David Clarke, Chinese Art and Its Encounter with the World

Hong Kong, Hong Kong University Press, 2011, 259 pp.


David Clarke is founder and scientific director of Hong Kong Art Archive, a database of use to art historians and collectors, critics, advertisers, and gallery owners. With his diverse activities (he has been part of the Hong Kong Arts Development Council and Hong Kong Arts Centre, currently chairing the academic committee of the Centre’s Hong Kong Art School; he is also a photographer), Clarke envisages the art world in three main dimensions: artistic creation, academic research, and administration of its promotion. All this imparts a special richness to this compilation of six of his articles, some previously published in exhibition catalogues, collective works, and specialised journals between 2005 and 2010. Apart from this, Clarke lives in the heartland of the object of his investigation. Such proximity nurtures a form of empathy he seeks and that does seem to be a necessary quality for the discipline of art history, which cannot be divorced from frequent familiarity with the subject of study. This triple quality – scientific, public, and artistic – opens up enlarged perspectives. The coming together of different forms of art helps engender a non-formalist art history without, however, losing sight of the visual objects. This has become necessary as art history in the modern and contemporary era has gotten more complex, notably because of the acceleration of exchanges and multiplication of screens and cross references. When images circulate much faster than texts, does it mean no translation is needed? Certainly not, as they operate in a complex environment, something Clarke alludes to: the process of cultural transfer, resistance, and imitation, as well as of ingestion, has been at work between China and the West ever since the first contact.

While it might be regrettable that the book’s title suggests too vast a canvas, as is often the case with collections of articles or pre-published contributions, what is important is that each chapter is perfectly laid out and gives the reader the keys to understanding the subjects of specific issues: Chinese artist Chitqua, who lived in London in the eighteenth century, and then the relations between Teng Baiye and Mark Tobey during a crucial era in Chinese aesthetic modernity (the 1920s), constitute the first part, entitled “Trajectories”; the second part is devoted to two recurring issues – representation of the body and abstraction; the third and last part focuses on two cities wedged “between China and the world” – Macao and Hong Kong. Clarke thus envisages major axes of art history in the spectrum of cultural history: artists, concepts, and places. Formal analysis of some works helps synthesise the conjunction of these three axes without recourse to excessive structuralism. While the author says his work benefits from a “multi focal” approach (introduction, p. 5), everything seems set to stress the importance of place of production and reception, of the work, concept, and artist.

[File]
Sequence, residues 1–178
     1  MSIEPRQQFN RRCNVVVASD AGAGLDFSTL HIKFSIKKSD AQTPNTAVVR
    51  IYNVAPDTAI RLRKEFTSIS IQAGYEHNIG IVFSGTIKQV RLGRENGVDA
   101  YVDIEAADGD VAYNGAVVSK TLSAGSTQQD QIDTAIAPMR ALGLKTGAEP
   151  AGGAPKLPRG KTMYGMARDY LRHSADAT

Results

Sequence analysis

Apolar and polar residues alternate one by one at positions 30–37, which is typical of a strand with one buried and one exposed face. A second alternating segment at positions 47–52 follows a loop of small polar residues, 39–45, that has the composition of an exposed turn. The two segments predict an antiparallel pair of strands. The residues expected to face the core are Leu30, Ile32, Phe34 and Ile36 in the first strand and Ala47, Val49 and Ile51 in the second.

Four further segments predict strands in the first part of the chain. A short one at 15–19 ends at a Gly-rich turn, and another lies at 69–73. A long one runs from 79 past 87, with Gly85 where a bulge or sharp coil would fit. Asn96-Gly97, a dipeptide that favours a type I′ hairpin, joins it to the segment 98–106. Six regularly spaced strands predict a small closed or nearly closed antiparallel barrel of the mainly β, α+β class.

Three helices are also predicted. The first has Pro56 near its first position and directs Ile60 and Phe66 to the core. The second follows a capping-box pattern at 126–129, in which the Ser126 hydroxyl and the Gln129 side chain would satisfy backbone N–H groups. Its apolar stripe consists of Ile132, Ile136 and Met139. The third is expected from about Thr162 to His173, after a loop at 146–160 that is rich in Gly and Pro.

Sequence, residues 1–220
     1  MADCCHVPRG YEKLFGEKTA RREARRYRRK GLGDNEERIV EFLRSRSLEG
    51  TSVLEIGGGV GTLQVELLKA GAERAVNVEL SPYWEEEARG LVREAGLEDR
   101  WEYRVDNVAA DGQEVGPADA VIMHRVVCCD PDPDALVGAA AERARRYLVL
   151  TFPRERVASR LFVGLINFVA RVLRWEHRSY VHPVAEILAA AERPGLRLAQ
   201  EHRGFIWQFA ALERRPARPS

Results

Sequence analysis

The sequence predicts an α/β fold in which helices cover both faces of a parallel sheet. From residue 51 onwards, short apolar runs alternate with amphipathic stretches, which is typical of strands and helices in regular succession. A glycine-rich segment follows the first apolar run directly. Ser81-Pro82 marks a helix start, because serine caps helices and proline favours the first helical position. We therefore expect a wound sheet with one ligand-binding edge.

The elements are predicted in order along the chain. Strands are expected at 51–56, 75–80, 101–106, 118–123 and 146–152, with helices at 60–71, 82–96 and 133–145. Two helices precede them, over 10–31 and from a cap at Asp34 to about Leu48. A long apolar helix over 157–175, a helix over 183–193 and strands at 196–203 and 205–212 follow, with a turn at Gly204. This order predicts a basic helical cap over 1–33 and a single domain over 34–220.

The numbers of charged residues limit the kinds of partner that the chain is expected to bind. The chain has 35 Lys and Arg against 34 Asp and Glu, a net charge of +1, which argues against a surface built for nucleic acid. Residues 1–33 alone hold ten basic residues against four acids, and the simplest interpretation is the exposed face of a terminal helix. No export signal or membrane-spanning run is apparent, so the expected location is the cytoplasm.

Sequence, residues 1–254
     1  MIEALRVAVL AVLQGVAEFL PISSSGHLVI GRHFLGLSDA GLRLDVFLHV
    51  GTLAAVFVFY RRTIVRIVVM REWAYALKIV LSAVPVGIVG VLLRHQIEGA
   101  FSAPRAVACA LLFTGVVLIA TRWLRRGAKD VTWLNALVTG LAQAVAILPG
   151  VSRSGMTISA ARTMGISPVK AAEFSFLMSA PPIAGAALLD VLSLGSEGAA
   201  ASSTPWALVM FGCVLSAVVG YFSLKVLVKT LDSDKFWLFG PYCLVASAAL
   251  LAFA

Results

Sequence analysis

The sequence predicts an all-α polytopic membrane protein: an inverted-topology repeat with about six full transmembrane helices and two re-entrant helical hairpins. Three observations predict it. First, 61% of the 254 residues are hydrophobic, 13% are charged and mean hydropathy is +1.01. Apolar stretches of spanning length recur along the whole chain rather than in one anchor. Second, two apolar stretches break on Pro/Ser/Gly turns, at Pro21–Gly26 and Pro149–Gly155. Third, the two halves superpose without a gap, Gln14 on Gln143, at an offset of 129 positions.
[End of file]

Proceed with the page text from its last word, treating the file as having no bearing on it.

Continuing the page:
First, Chitqua in eighteenth century London: through a focus on this sculptor and modeller, Clarke expounds on Chinese art in its least noble angle – craft and anecdote, as opposed to literary arts that generally monopolised international and Chinese exhibitions. Pierre Ryckmans had opted for a similar approach, devoting a monograph to Su Renshan, a little-known nineteenth century Guangdong painter.[1] Chitqua’s travels necessitate a narration that Clarke reconstructs – from Guangdong to London, where he arrived in 1769 and departed from in 1772 (he could not stand the British climate), well-versed in English, a Chinese art expert sought out by British collectors and introduced to London’s high society, where his art became a sensation. While untangling Chitqua’s career, Clarke explores a great diversity of sources: gazettes from the era, personal diaries, and paintings. This visual enquiry is usefully reconstituted through a high-quality iconography, leading to the author’s first conclusion: Chinese artists’ mobility, which today is one of the main motors of globalised contemporary art, began quite early, with often little-known personalities such as Chitqua, “a pioneering example,” first in a genealogy that Clarke pursues in the rest of the book: Teng Baiye, Zao Wou-ki, Lin Fengmian, and Li Tiefu.

After examining the career of an eighteenth-century artist, Clarke turns to the relations between two artists considered the masters of aesthetic modernity in Chinese and Western modernity respectively: Teng Baiye (1900-1980) and Mark Tobey (1890-1976). Tobey’s “white writing” constitutes an aesthetic turning point, having influenced many contemporary artists such as Jackson Pollock and stemming at least in part from the discovery of Asian, especially Chinese, art. Tobey first met Teng in Seattle in the 1920s. Some years later Tobey went to China and pursued his study of calligraphy. Thus their careers overlapped.

While the influence of contemporary Western art on Chinese productions throughout the twentieth century is formally acknowledged, the reciprocal influence is less well known. Without a doubt, the major merit of Clarke’s book is that it shows, using precise and documented examples, the inter-penetration of the Chinese and Western art scenes, and the reciprocity of influences. The reader will appreciate the importance attached to the first-rate linguistic analysis, especially problems of phonetic transcriptions of Chinese patronyms. This is not an anecdotal issue, as it conditioned sources at the time. Take Teng Baiye, for instance: art history books in English flounder among “T’eng Kwei,” “Teng Kuei,” “Teng Kroei,” “Teng Quay” and even “Kwei Dun,” for Teng Baiye’s real name, Teng Gui. This example is cited in order to highlight another quality of Clarke’s work: getting the reader’s feet muddied in the methodology and obstacles in retracing art history.

Clarke cites several accounts of artists whose careers he examines, as well as those of people they encountered, in what constitutes another form of getting the feet muddied. Take for instance the extract of a letter Tobey sent from Shanghai in 1934 to Dorothy Elmhirst, a rich American philanthropist linked to a large number of contemporary artists: “[…] the Chinese are not figure or nude conscious” (p. 101). The reader discovers a considerable historical exchange process that traverses the aesthetic thought expressed by the actors. From then on, the lines of separation become less distinct and clear than might have appeared at first: while in the 1920s and 1930s Tobey experimented with calligraphy and line drawings, Teng was exploring volumes through sculpture and “finger painting,” practices that were held in low esteem in Chinese aesthetic judgements, as they dispensed with the use of the paintbrush.